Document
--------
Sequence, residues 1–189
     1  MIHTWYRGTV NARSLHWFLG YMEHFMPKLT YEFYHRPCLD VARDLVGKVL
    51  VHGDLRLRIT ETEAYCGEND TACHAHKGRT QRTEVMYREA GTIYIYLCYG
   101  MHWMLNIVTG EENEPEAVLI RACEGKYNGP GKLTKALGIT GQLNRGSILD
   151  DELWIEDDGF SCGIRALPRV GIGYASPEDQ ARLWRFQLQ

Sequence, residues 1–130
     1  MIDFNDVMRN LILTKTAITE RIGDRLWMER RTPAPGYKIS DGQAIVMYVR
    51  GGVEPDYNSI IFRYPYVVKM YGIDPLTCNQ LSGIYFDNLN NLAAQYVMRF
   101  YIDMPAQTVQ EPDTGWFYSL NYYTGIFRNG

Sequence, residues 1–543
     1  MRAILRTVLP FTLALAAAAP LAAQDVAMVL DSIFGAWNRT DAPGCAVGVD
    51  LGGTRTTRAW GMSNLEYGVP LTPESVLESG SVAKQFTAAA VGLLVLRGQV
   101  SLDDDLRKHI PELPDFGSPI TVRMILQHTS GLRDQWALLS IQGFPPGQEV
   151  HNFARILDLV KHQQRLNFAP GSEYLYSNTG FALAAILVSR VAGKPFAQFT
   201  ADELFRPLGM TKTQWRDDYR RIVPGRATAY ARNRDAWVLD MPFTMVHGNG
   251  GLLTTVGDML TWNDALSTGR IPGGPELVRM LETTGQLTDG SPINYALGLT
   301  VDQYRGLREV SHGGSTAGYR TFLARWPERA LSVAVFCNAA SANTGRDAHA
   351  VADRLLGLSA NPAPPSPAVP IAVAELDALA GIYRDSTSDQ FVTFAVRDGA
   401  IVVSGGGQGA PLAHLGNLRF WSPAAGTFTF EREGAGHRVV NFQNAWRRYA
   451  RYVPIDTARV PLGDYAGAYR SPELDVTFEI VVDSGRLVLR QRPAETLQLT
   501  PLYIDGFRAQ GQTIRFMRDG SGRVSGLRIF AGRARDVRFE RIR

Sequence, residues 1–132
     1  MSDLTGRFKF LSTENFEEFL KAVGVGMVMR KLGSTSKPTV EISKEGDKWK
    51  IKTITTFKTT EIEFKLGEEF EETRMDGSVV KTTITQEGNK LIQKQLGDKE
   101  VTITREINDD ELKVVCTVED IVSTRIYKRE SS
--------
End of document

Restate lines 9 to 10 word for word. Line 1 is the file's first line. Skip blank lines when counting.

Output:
   101  YIDMPAQTVQ EPDTGWFYSL NYYTGIFRNG

Sequence, residues 1–543